LV wafts its way to UB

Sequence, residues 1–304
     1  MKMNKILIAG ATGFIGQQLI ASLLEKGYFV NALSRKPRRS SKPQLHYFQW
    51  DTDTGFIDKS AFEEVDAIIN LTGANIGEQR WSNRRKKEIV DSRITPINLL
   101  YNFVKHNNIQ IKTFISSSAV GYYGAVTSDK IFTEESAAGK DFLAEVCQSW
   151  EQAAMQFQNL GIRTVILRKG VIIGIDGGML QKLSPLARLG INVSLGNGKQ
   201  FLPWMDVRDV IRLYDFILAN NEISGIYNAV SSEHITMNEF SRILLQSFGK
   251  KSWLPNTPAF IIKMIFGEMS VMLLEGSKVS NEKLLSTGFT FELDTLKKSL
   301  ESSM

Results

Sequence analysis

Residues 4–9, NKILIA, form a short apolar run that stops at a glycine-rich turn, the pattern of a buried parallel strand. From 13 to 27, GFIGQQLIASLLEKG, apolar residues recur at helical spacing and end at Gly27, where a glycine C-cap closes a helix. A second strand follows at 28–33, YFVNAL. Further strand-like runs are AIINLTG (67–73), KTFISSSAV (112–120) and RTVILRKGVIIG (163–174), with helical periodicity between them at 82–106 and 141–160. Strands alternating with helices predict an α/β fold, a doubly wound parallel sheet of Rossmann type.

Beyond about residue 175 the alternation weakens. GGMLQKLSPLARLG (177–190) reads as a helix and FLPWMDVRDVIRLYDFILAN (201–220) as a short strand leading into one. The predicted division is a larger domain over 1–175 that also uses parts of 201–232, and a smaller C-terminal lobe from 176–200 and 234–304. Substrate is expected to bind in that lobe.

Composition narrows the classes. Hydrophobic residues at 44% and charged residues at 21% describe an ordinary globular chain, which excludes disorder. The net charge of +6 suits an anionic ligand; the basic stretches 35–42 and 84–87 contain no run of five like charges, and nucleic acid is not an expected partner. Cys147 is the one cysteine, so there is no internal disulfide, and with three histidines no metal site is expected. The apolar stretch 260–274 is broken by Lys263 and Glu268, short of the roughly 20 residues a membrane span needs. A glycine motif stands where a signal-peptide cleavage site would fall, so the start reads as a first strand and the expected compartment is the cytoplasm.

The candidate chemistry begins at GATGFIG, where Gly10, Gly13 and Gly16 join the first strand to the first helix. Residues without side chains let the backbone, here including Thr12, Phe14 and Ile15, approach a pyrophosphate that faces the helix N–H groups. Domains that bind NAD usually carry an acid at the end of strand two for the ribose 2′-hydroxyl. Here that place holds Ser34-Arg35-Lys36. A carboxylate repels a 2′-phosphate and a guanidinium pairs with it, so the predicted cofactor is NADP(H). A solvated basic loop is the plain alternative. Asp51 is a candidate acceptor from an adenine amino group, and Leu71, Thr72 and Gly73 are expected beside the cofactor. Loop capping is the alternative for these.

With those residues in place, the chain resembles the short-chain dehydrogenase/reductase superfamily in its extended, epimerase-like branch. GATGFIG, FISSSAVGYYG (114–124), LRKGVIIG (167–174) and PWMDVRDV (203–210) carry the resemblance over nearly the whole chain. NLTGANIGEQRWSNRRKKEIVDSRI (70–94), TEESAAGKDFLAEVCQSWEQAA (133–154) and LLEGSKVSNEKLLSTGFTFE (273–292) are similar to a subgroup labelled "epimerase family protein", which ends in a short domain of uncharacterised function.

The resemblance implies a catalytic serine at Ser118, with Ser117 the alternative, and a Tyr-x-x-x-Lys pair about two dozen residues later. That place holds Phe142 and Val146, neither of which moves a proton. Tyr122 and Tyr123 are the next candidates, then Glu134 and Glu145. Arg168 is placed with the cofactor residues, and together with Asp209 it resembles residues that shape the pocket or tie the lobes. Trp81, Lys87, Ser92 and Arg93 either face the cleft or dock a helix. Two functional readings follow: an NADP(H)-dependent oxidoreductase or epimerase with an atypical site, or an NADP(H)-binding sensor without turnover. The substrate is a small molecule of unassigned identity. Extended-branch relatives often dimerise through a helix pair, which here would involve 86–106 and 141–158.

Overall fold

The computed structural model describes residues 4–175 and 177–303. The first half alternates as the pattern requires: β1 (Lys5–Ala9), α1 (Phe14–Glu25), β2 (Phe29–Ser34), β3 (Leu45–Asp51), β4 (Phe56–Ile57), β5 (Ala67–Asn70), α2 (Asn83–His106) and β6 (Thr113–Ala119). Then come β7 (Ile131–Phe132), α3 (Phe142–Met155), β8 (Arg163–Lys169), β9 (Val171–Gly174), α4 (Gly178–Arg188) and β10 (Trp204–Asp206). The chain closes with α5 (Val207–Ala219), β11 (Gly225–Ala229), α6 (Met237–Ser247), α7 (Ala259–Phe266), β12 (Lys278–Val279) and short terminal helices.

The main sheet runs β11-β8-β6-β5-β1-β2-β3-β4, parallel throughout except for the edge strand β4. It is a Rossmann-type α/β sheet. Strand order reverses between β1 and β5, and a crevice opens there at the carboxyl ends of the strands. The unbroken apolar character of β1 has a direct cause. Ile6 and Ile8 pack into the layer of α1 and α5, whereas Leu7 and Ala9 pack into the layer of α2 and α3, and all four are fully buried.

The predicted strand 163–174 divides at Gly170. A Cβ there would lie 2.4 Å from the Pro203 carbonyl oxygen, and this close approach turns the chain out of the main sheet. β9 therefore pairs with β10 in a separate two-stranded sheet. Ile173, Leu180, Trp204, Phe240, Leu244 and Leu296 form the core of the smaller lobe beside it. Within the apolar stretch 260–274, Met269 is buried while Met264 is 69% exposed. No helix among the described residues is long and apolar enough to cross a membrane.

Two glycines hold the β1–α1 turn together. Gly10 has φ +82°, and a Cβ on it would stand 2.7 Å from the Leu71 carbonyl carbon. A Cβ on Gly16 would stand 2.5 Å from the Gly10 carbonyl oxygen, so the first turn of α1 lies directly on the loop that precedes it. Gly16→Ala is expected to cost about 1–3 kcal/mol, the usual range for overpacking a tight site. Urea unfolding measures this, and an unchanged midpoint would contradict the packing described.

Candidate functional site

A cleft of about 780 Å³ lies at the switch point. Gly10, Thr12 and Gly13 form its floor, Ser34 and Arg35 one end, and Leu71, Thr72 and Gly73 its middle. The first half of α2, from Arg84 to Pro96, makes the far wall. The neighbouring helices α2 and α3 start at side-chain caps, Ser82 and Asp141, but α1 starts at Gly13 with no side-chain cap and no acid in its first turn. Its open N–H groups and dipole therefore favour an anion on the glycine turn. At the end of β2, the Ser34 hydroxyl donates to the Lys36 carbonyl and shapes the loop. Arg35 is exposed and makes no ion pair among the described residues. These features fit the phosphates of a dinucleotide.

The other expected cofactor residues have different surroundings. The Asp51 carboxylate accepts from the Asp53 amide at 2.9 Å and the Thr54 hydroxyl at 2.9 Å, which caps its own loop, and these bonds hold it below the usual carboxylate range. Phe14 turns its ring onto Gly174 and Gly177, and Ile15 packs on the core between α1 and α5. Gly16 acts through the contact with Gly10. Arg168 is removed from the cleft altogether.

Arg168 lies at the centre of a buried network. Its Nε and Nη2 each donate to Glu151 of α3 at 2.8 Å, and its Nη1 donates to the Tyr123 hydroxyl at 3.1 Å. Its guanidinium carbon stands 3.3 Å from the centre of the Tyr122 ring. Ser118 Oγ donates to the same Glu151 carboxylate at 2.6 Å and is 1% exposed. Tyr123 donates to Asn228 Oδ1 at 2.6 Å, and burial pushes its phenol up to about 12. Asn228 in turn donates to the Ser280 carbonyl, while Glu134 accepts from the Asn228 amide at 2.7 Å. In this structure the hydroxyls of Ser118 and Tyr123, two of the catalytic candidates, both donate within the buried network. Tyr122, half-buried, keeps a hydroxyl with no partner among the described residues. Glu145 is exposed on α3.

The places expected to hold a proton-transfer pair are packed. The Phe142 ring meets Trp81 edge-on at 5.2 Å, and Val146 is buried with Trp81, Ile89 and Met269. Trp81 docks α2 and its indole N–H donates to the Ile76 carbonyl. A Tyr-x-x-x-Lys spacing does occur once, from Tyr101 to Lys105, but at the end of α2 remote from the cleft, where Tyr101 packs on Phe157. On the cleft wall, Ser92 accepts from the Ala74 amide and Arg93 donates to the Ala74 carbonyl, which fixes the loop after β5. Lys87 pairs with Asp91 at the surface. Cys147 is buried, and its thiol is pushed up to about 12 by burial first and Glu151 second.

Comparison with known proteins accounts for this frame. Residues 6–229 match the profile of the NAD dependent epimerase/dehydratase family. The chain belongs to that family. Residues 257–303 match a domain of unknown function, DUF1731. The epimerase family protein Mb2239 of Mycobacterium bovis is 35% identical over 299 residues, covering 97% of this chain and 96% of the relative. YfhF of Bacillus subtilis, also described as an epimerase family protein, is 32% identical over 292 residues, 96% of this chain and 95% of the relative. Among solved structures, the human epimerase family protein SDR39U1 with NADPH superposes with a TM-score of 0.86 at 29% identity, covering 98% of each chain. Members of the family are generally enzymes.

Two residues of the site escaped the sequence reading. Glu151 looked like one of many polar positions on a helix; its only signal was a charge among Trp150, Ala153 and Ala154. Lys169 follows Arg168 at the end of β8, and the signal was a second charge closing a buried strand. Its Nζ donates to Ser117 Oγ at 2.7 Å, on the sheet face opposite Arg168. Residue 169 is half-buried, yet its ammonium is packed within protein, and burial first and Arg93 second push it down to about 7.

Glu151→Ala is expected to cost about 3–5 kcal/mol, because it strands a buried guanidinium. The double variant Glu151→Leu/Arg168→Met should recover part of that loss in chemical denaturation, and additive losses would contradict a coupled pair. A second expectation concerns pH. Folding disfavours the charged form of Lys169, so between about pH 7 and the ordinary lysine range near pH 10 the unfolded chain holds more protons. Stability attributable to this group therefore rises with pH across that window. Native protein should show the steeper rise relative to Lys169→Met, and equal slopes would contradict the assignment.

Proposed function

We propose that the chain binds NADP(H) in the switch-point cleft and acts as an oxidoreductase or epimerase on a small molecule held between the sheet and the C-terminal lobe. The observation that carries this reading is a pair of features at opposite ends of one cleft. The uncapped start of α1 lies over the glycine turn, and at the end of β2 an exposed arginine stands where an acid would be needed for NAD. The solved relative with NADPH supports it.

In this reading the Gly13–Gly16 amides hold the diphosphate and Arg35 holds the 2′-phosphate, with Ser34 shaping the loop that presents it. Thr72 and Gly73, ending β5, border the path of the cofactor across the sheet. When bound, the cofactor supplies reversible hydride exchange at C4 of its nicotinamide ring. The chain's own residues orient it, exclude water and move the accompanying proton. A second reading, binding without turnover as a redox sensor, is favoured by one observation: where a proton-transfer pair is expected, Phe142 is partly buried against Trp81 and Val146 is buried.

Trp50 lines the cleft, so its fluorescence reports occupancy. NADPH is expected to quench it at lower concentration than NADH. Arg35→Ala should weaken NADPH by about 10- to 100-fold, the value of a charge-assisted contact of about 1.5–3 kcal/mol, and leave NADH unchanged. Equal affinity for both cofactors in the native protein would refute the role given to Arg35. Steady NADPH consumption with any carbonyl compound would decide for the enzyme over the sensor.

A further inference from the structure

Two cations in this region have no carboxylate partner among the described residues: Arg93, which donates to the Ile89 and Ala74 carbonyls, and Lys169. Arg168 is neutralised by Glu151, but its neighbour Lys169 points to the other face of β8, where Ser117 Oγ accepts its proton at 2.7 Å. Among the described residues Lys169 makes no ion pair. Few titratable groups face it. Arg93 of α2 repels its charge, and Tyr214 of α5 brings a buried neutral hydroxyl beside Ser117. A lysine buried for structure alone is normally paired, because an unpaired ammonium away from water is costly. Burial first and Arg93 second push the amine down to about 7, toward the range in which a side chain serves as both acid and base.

Mongolia’s frontier image fits perfectly with Louis Vuitton’s image of "chic nomadism", said the French label’s chairman, Yves Carcelle, at the opening of his firm’s first store in Ulaanbaatar on October 23. Dale Choi, market commentator for local investment bank Frontier Securities, blogged that in response to his questions as to whether his country of 2.7 million merited an LV presence, Carcelle replied: "Since we really sell emotions, not goods, we never do market research. Our approach is based on our feeling for the market of how it is developing, observing its progress and changes in behaviour, until we are convinced that it is ready for us." If the move pays off for Louis Vuitton, Euromoney can see the technique catching on in financial markets. The attractions are obvious: why pay inflated salaries to teams of suitcase bankers and itinerant analysts to research a market and gauge its potential, when a Gallic sniff of the air and a wave of a thermometer can achieve the same result? Will "chic nomadism" (with its shades of the satirical hobo-chic "Derelicte" brand from the Ben Stiller comedy Zoolander) catch on in Mongolia? Choi notes wryly that the Mongolian revolutionary hero Sukhbaatar would never have imagined the erection of a Louis Vuitton tent to host the opening party on the square at the heart of Ulaanbaatar that bears his name. Meanwhile there’s a danger of frontier market envy developing in Asia. A Khmer fund manager with interests in Mongolia as well as his own country reacts with dismay on hearing the news. "Phnom Penh should have been first," he says. It will have to settle for perhaps being next, if Carcelle decides the time is right to sell some emotions there.